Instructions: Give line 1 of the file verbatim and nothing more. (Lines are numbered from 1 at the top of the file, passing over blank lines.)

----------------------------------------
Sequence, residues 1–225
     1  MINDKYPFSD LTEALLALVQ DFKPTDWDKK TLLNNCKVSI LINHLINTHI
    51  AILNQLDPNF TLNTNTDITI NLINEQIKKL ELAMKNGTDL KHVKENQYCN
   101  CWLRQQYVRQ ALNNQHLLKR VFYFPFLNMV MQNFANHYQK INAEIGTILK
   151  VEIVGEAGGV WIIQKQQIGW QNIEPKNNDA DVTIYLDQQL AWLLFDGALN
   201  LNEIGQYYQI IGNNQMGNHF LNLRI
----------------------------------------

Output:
Sequence, residues 1–225